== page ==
The controversy in the evangelical world that followed the 1994 release of Evangelicals and Catholics Together illustrates the point. The document made the claim, in the section “We Affirm Together,” that “Evangelicals and Catholics are brothers and sisters in Christ.” It conceded that there were important areas of disagreement between the two institutions. Most, if not all, of the evangelicals who gave their support to the document affirmed their conviction regarding the doctrine of justification by faith alone. In so doing, they affirmed that a man is saved by the imputation of the righteousness of Christ alone and denied that a man is saved by the infusion of grace whereby, assuming he cooperates with that grace, he becomes righteous in himself. They denied, however, that these differing views were significant enough to separate us. In so doing, they made manifest a division between evangelicals who say such issues do separate us from Rome and those who say they do not.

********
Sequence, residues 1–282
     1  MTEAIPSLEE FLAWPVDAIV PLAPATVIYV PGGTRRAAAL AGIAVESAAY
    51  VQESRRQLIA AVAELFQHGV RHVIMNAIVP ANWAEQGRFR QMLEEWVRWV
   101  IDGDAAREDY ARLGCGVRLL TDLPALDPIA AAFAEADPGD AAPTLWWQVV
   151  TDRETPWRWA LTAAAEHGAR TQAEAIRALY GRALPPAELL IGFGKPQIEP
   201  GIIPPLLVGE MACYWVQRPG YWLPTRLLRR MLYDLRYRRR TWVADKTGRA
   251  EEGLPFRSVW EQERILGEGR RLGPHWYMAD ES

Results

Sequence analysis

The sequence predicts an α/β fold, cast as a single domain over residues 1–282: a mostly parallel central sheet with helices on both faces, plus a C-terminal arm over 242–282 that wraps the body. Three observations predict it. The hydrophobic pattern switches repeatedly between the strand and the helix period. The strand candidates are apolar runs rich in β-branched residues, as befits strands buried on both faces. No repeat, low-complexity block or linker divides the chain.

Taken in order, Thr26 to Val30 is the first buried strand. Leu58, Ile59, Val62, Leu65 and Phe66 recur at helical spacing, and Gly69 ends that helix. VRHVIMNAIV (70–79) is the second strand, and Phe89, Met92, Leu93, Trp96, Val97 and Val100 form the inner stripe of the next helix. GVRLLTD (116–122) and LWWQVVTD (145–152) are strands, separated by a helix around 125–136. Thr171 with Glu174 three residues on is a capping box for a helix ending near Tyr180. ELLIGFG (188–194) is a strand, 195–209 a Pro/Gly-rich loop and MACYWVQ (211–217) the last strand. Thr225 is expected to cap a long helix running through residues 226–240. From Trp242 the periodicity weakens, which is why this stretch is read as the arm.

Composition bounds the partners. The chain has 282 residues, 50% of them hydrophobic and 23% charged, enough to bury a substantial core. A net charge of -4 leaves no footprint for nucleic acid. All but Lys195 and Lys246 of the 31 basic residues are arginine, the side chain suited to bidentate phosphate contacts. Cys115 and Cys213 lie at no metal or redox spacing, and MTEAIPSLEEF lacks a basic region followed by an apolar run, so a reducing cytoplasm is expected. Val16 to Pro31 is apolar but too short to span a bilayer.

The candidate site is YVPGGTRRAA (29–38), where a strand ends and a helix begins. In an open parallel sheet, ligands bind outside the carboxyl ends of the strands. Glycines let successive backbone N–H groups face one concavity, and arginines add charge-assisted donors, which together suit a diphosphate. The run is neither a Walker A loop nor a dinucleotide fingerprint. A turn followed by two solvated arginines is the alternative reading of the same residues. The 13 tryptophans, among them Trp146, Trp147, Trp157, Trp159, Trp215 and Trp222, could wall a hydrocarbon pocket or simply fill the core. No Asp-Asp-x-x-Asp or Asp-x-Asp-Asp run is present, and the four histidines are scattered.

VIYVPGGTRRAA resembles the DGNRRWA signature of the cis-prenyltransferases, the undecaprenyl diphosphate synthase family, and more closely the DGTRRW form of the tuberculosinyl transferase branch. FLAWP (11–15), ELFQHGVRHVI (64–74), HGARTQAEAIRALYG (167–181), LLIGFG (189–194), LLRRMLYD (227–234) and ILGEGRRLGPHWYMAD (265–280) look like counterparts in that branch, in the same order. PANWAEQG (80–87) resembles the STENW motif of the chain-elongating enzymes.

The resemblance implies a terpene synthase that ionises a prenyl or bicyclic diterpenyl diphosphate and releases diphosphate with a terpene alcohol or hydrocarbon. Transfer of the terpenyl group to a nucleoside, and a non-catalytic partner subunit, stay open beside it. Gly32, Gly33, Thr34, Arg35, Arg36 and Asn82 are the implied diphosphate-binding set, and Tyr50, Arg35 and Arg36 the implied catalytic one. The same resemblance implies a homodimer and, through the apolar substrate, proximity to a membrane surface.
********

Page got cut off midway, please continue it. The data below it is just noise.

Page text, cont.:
The Reformers, in trying to nail down the distinctives of the church of Jesus Christ, differentiated between truths that were necessary for the esse, or “being,” of the church, and those that were necessary merely for its bene esse, or “well-being.” Those issues in the latter category can be important, worthy of our attention and our labors, but do not separate the church from the non-church. The difficulty, again, is agreeing on what issues go in each category.

The Bible’s teaching on the Creation of the world, is, in our estimation, both neglected to our peril and elevated to a degree of importance that it does not deserve.

But there are even degrees of importance in the second category. I sincerely doubt that the most ardent exclusive psalm singer is going to argue that those of us who sing hymns will suffer eternally for it. Even a curmudgeon like me affirms that those who will not baptize covenant children not only are Christians, but possibly finer ones than I’ll ever be. The great difficulty, however, is in the emanations and implications of a doctrine.